Tyler Chramosta on his time in Martin
Rose our CNP told Joe and I that Friday nights can be very busy around town. She was correct in her statement as we had five ER visits, a code, and a couple ambulance trips. During the code, it was interesting to actually help run the crash cart, as this would be my job during a code when I finish my education. I was surprised to learn that Bennett County Hospital, as the closest hospital, is 45 minutes from some of its patients which influences emergency care.
After one week at Bennet County, I have learned much about the culture of the native tribes and their healthcare needs. Reviewing patient histories has helped to educate me on many different problems that I have never seen before and has helped me understand how healthcare in a rural area works.
As a pharmacy student, some of the things I have learned during this experience is things I may never to do again (i.e. learning how to intubate a patient). I believe that is one the best things about this experience so far. I will learn so much about healthcare from the aspect of so many health care professionals. As a pharmacist it seems most days that I am the ‘medicine man’ so it has been refreshing to practice other clinical related skills. The more I am exposed to a different variety of health care the more likely I am able to become a better pharmacist. By being a student involved in REHPS I have been able to practice hands on skills that will allow me to become a better pharmacist.
Throughout my time here in Martin, SD I have been able to grow as a health care professional as well as member of the community. It has been a privilege to be looked at by members of the community to be one of the members not only of the health care team but community as well. It is fun being called regulars at the local restaurant. I have been able to grow in my health-care experience by working hands on with health care members. I came into this experience with the essential pharmacy knowledge and what to do in pharmacy related questions, however now I am more equipped to handle not only the pharmacy related questions but also a few more medically related questions. I have been working with a plethora of qualified professionals to learn many things from; such as learning how to properly splint a patient, how to run the crash cart during a code, as well as proper irrigation techniques to remove bugs from ears. I would have never been able to get this opportunity just working back home in Lincoln. This experience has opened my eyes to not only rural health, but health care in general.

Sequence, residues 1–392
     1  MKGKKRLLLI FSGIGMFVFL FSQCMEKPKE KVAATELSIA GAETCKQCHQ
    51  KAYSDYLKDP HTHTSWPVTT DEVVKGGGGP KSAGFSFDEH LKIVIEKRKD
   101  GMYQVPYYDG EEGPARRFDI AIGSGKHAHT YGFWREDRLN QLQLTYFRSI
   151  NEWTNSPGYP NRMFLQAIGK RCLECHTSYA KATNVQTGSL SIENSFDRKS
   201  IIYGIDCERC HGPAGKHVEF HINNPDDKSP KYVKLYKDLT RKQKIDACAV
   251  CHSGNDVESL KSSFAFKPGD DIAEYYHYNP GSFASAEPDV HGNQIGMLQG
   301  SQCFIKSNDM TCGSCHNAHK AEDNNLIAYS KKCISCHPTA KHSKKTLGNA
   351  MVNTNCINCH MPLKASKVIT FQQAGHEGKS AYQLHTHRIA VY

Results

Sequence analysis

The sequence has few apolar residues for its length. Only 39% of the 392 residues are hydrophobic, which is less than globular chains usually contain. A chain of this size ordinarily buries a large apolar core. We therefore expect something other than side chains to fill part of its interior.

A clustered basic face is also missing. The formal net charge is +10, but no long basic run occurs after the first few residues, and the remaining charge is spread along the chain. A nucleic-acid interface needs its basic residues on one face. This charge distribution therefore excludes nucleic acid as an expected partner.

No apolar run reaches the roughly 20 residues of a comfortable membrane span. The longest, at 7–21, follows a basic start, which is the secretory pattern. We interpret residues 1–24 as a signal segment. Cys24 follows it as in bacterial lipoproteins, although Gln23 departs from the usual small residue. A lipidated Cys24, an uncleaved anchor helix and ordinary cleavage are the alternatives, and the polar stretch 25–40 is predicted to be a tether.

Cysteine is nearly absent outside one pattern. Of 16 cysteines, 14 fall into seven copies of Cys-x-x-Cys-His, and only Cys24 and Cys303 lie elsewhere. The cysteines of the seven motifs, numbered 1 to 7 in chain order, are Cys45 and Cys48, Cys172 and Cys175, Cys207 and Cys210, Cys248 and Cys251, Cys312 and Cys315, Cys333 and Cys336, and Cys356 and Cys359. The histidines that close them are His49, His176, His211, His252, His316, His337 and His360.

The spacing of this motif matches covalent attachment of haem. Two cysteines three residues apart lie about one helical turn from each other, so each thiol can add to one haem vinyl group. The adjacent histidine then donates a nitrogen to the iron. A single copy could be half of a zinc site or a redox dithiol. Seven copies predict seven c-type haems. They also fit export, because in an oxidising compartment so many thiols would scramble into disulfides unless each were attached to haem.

Throughout my time as a member of the REHPS team I have learned many valuable life skills that I will be able to use to grow as a healthcare professional. Rural health was nothing like I expected. At first glance, rural health seemed to be a random town in the middle of nowhere serving very few patients a day. As each week progressed I started to learn more and more that this was not true. The one comment that still resonates with me, is our CEO telling us what the difference between rural and frontier medicine was. Joe and I were certainly experienced frontier medicine.
The staff was a blast to work with and as we got to know each one of the members of the hospital team, both Joe and I started to feel like we had jobs there and were part of the family. The experience was a once and lifetime chance to be a part of something bigger than myself and learn from various medical personnel. As a result, I could see myself with a life in a small town working as a pharmacist in a great community such as Martin, SD